The notion of humanrights describes
what it is to be human and defines the ‘rock bottom of human
Humanrights law challenges the traditional state-centred scope of
international law, giving individuals and groups, otherwise with very
restricted access to the international legal system, the possibility of
This book argues for greater openness in the ways we approach human rights and international rights promotion, and in so doing brings some new understanding to old debates. Starting with the realities of abuse rather than the liberal architecture of rights, it casts human rights as a language for probing the political dimensions of suffering. Seen in this context, the predominant Western models of right generate a substantial but also problematic and not always emancipatory array of practices. These models are far from answering the questions about the nature of political community that are raised by the systemic infliction of suffering. Rather than a simple message from ‘us’ to ‘them’, then, rights promotion is a long and difficult conversation about the relationship between political organisations and suffering. Three case studies are explored: the Tiananmen Square massacre, East Timor's violent modern history and the circumstances of indigenous Australians. The purpose of these discussions is not to elaborate on a new theory of rights, but to work towards rights practices that are more responsive to the spectrum of injury that we inflict and endure.
Dancing human rights
We have seen that ever since Isadora Duncan entered the stage of political dance, various instances of sic-sensuous have been performed on
the stage of the argument by bodies contracting into themselves and
releasing to other bodies, moving and being moved. Those bodies
affirm their equality to other bodies –whether the dancing bodies they
intervene against, or bodies inhabiting other worlds that deem them
unequal. From Martha Graham’s audiences who are uninvited spectators to the gumboot dancers in South Africa and the flash mob
Human rights and humanitarian diplomacy provides an up to date and accessible overview of the field, and serves as a practical guide to those seeking to engage in human rights work. Pease argues that while human rights are internationally recognised, important disagreements exist on definition, priority and implementation. With the help of human rights diplomacy, these differences can be bridged, and a new generation of human rights professionals will build better relationships.
The Union is
founded on the principles of liberty, democracy, respect for
humanrights and fundamental freedoms, and the rule of law,
principles which are common to Member States. TEU Article
THE IDEA OF humanrights covers a complex and fragmentary terrain. As R. J. Vincent comments near the beginning of his work on humanrights in international relations, ‘humanrights’ is a readily used term that has become a ‘staple of world politics’, the meaning of which is by no means self-evident (1986: 7). After glossing the term as the ‘idea that humans have rights’ (1986: 7) – a deceptively simple approach – Vincent notes that this is a profoundly contested territory, philosophically as well as politically. This is not surprising, as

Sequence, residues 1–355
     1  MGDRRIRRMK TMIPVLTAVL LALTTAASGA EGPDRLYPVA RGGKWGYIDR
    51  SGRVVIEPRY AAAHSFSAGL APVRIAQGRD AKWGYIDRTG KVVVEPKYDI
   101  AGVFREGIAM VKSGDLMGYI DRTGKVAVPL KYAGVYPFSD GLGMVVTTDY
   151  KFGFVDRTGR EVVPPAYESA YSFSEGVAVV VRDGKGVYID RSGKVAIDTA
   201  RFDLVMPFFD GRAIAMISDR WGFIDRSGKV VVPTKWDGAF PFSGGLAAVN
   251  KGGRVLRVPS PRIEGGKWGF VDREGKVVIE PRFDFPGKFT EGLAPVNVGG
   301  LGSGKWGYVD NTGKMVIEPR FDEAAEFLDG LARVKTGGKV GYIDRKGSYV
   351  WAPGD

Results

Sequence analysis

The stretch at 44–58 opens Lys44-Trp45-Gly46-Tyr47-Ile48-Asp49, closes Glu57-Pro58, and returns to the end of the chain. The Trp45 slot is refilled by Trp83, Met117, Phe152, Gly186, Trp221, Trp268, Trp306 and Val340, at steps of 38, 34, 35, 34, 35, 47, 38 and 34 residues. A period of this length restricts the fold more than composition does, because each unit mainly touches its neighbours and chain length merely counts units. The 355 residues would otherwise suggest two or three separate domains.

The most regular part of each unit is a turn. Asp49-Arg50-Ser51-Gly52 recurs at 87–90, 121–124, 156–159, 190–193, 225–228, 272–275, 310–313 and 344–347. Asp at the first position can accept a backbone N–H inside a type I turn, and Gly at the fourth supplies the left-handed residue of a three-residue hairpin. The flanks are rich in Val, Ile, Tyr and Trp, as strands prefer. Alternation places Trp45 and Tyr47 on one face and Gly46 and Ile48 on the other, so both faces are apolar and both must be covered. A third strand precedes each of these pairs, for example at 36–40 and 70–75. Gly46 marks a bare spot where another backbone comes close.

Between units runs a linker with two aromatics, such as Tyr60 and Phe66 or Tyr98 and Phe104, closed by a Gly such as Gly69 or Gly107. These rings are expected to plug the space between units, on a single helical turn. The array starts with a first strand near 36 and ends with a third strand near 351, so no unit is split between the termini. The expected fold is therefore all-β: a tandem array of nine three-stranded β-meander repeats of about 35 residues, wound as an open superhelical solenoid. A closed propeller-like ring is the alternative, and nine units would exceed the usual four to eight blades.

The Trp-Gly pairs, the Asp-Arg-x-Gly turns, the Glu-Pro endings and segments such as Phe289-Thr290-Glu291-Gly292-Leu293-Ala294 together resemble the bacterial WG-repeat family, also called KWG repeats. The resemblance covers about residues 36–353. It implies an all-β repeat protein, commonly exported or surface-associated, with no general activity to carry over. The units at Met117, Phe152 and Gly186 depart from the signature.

Humanrights and humanitarian diplomacy is the bargaining, negotiating, and advocating process involved with promoting and protecting international humanrights and humanitarian principles. This diplomacy is also a secondary mechanism for discovering or defining new rights and principles. For centuries, diplomacy in general was the exclusive preserve of states. States use diplomacy as a foreign policy tool to achieve complicated and often competing goals. Today, humanrights and humanitarian diplomacy is conducted on many levels by individuals who
Humanrights and humanitarian diplomacy takes place on many different levels and through a variety of channels. Previous chapters have explored how states, IGOs, and NGOs institutionally conduct diplomacy to advance humanrights and humanitarian principles. Prominent individuals working for these institutions, or who have taken high profile public stances, have been discussed in tandem to show the importance of individuals in defining and advancing respect for international humanrights and principles. This chapter is devoted to the humanrights and
In his memoirs, Jimmy Carter has underlined how his personal attention to humanrights had a long history that preceded his announcement to run for the Democratic nomination on 12 December 1974. Similarly, many historians have pointed out that his commitment to humanrights was rooted in his strong moral and religious beliefs, as well as in the experience of the civil rights movement. The humanrights campaign, Carter’s speechwriter Hendrik Hertzberg wrote, was “pure Jimmy”. 1 However, humanrights became a specific theme that qualified Carter’s platform for
During the 1970s, humanrights gained unexpected and sudden prominence in international politics. Discussions of humanrights were everywhere, providing a vocabulary to oppressed religious groups, national minorities and political dissidents, as well as workers’ or women’s groups. However different these claims were, they all converged on making humanrights the central concern of the decade. As popular as the concept was, it was also a contested one.
For many activists around the world, humanrights offered a tool to transcend political divisions on behalf